Prop 65 Glyphosate Warnings Violate First Amendment Proscription Against Government-Compelled Speech
In a momentous decision, a federal court of appeals has held that the First Amendment prohibits California from requiring businesses to provide a warning under Proposition 65 for potential exposure to glyphosate. The ruling presents a daunting challenge to the Prop 65 program in situations where the evidence that a chemical causes cancer or reproductive harm (the two toxic endpoints addressed by Prop 65) is subject to meaningful scientific debate, such as is the case with high profile chemicals such as glyphosate, acrylamide, and titanium dioxide, among others.
Accordingly, in addition to voiding the need for glyphosate-related Prop 65 warnings, the ruling highlights First Amendment “free speech” rights as a potential defense for businesses subject to Prop 65. The ruling also should have repercussions for Prop 65 chemical-listing decisions by the Office of Environmental Health Hazard Assessment (“OEHHA”).
For a more “legalese” discussion of the case, read on ….
The U.S. Court of Appeals for the Ninth Circuit has held that California cannot enforce a Proposition 65 rule requiring cancer labels on products containing glyphosate, the most commonly used herbicide in the world and best known as the active ingredient in popular weed-killer Roundup. The case was decided on First Amendment grounds, with the Court ruling that the Golden State’s carcinogen warning requirement as applied to glyphosate forces companies using the chemical to “convey a controversial, fiercely contested message that they fundamentally disagree with,” and therefore cannot be enforced by state regulators.
The suit was initially brought in the U.S. District Court for the Eastern District of California by a coalition of agricultural producers and business entities that use glyphosate in their herbicide products. They filed the lawsuit in late 2017 in response to the OEHHA decision to list the chemical under Prop 65, which requires businesses to provide a warning to consumers before they sell a product in California that can cause an exposure to a listed chemical. The coalition claimed that mandating glyphosate warnings under Prop 65 violated their First Amendment right to be free from compelled speech because the scientific conclusiveness of glyphosate being a carcinogen remains hotly contested. In listing the chemical in 2015l, California relied on the International Agency for Research on Cancer (“IARC”) classification of glyphosate as “probably carcinogenic.” However, that conclusion has not been adopted by any other scientific body, including the U.S. Environmental Protection Agency, which has found that “glyphosate is not likely to be carcinogenic in humans.”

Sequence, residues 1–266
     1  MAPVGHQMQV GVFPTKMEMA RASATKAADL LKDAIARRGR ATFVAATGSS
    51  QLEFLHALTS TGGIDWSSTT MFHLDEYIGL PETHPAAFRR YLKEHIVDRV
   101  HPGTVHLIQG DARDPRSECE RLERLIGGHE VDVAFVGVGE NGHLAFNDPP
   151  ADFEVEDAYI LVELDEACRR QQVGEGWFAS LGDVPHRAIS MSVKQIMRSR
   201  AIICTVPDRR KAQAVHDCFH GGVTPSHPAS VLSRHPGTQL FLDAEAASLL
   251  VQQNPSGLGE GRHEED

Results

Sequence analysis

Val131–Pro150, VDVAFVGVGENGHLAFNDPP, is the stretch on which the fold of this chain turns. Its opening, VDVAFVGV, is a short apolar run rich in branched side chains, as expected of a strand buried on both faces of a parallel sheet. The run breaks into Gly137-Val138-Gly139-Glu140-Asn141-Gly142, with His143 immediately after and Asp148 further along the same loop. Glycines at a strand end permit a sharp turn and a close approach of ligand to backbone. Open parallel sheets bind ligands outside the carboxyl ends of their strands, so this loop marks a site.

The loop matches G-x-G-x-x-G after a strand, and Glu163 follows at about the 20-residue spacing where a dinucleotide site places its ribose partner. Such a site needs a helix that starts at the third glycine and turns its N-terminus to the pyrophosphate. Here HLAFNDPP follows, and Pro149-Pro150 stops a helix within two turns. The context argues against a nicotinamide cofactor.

Consistent with the First Amendment, some commercial speech (i.e., speech that promotes a business or commercial activity, in contrast to private or political speech) may be restricted or compelled via government regulations. The constitutionality of these regulations is assessed based upon differing levels of scrutiny which apply depending on the type of regulation the government seeks to promulgate and enforce. Relevant here, the lowest level of scrutiny was established by the Supreme Court in Zauderer v. Office of Disc. Counsel, where the Court held that states may compel “purely factual and uncontroversial” commercial speech “as long as disclosure requirements are reasonably related to the State’s interest in preventing deception of consumers.” 471 U.S. 626, 628 (1985). An “intermediate” standard of scrutiny was established by the Supreme Court in Central Hudson v. Public Svn. Comm’n where the Court created a four-part test to determine whether governmental regulation of commercial speech is constitutional: